Handling Multiple Date Formats with One Method via Joda Time

Handling Multiple Date Formats with One Method via Joda Time

Handling Multiple Date Formats with One Method via Joda Time


Nearly any project that amounts to anything must handle the processing of Dates, Times, and Timestamps. When it comes to Java projects, I see time and time again that developers just insert date formatters anywhere and everywhere. This violates the concept of modularity and making a segment of code do one thing and it do it well. Furthermore, this leads to lots of copy and paste duplicate code, which in turn leads to less testable code. Ultimately, this degrades internal code quality for a project. Moreover, and perhaps most importantly, I feel many developers fail to understand how flawed and poor the standard Java date and time classes are, which predate Java 8 (see here for starters). Lastly, I also see many different date formats used in code bases. It is my opinion, that internally in Java code, only one date format should be used and it should be the ISO8601 standard format: yyyy-dddTHH:MM:SS.SSS. Even better, would be utilize time zone information in UTC/Zulu. This format easily and readably demarcates the date from the time, it is sortable in chronological order, and eliminates the guessing game that sometimes accompanies ready a timestamp.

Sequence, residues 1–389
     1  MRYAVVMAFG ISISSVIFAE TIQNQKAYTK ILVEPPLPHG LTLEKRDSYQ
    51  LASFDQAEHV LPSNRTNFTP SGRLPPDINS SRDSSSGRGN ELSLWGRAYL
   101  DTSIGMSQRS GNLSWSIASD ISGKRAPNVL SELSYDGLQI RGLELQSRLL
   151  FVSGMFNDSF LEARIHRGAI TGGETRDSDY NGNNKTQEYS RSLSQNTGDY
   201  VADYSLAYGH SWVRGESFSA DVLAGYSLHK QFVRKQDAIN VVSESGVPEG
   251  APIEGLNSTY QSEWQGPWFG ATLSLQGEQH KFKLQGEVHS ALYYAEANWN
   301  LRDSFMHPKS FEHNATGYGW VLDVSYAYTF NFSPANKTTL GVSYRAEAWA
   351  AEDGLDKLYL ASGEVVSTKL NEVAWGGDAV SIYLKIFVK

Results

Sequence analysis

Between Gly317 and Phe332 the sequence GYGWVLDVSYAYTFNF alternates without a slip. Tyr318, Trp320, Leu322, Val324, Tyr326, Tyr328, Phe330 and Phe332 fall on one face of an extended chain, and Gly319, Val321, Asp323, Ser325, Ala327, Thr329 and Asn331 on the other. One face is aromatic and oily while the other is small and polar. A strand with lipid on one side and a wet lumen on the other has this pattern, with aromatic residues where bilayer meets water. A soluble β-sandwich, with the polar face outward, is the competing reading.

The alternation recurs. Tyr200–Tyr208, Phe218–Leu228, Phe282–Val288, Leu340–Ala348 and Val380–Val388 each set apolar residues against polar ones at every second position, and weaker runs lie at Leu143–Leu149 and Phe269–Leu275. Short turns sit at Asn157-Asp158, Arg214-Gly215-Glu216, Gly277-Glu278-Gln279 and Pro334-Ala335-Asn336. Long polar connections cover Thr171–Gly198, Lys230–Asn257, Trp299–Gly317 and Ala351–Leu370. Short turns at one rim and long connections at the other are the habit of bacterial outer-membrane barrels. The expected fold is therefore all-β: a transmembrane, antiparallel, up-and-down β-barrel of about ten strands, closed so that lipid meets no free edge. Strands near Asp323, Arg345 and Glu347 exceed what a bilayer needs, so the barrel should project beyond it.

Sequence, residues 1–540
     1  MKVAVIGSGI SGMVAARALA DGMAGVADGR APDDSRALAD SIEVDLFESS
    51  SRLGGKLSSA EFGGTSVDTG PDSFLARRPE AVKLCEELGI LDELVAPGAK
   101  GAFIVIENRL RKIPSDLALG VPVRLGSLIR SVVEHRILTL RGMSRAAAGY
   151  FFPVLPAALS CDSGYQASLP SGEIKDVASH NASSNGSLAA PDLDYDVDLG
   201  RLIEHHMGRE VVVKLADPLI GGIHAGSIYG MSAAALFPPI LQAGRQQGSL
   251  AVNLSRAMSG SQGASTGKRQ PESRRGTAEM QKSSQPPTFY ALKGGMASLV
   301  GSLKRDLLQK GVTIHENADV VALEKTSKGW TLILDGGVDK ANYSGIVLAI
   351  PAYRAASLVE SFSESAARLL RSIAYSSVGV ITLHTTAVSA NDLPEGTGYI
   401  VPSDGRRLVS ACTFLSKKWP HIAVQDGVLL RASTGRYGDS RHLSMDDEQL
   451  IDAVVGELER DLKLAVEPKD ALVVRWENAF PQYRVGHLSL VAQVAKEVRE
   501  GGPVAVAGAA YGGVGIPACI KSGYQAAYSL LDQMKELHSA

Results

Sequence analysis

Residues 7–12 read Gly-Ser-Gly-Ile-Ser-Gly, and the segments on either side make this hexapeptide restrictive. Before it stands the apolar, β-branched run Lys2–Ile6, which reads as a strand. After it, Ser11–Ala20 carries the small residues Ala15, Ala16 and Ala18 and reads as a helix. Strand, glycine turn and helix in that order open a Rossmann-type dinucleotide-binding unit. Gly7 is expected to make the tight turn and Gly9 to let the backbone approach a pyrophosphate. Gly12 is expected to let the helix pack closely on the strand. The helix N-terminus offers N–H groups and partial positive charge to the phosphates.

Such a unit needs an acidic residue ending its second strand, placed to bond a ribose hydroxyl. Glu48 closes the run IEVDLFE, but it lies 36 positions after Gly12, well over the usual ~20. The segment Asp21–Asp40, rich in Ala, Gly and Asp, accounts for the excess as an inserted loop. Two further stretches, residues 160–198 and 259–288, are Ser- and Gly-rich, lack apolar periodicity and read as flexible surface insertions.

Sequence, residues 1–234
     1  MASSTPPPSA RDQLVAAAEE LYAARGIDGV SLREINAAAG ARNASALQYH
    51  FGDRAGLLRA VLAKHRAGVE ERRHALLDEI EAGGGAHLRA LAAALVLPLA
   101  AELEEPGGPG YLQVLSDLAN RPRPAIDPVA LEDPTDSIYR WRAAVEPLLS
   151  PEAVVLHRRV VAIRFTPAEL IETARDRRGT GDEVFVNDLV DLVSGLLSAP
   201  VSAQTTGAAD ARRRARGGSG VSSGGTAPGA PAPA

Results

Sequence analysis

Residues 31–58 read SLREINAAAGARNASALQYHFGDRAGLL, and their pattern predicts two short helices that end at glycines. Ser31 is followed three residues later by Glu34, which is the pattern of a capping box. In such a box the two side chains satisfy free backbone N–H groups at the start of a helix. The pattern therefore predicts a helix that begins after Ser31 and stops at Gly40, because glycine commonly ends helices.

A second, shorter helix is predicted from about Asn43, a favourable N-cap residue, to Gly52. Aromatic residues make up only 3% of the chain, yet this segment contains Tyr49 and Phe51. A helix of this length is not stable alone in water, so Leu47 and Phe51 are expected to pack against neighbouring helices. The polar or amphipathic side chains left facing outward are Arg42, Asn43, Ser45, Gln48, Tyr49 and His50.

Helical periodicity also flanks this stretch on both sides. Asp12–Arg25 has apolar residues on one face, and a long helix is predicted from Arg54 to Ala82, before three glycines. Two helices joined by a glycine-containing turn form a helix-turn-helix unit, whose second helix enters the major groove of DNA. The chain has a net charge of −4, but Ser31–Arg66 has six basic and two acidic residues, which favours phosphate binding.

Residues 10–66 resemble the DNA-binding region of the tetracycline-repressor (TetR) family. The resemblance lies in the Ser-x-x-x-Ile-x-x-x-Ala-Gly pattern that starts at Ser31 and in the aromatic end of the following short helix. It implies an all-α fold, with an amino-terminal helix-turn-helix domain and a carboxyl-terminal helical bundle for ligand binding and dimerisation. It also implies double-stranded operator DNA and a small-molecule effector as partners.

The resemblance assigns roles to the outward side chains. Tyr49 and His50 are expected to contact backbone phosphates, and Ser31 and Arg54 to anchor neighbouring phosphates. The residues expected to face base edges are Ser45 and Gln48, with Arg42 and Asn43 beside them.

As a result, I will be showing you a way to write a single utility method for parsing dates represented as Strings, in multiple formats, into java.util.Date objects. This will be done with one of the most respected date and time libraries out there: Joda Time. Joda is the defacto standard, in my opinion, for date and time manipulations prior to Java 8. Also, I will show you a JUnit Theory test to exercise the utility method I created. So, here it is:

import java.util.Date;

import org.joda.time.LocalDateTime;
import org.joda.time.format.DateTimeFormat;
import org.joda.time.format.DateTimeFormatter;
import org.joda.time.format.DateTimeFormatterBuilder;

public class TimeUtil {

	private DateTimeFormatter formatter = null;

	/**
	 * Utility that can convert several different formatted strings into {@link Date} like
	 * <ul>
	 * <li>yyyyMMdd
	 * <li>yyyy-MM-dd
	 * <li>MM/dd/yyyy
	 * </ul>
	 * 
	 * @param strDate
	 * @return
	 */
	public Date stringAsDate(String strDate) {
		if (strDate == null || strDate.isEmpty()) {
			return null;
		} else {
			try {
				if (formatter == null) {
					formatter = new DateTimeFormatterBuilder()
							.appendOptional(DateTimeFormat.forPattern("yyyyMMdd").getParser())
							.appendOptional(DateTimeFormat.forPattern("yyyy-MM-dd").getParser())
							.appendOptional(DateTimeFormat.forPattern("MM/dd/yyyy").getParser()).toFormatter();
				}

				LocalDateTime dateTime = LocalDateTime.parse(strDate, formatter);
				return dateTime.toDate();
			} catch (Exception e) {
				return null;
			}
		}
	}
}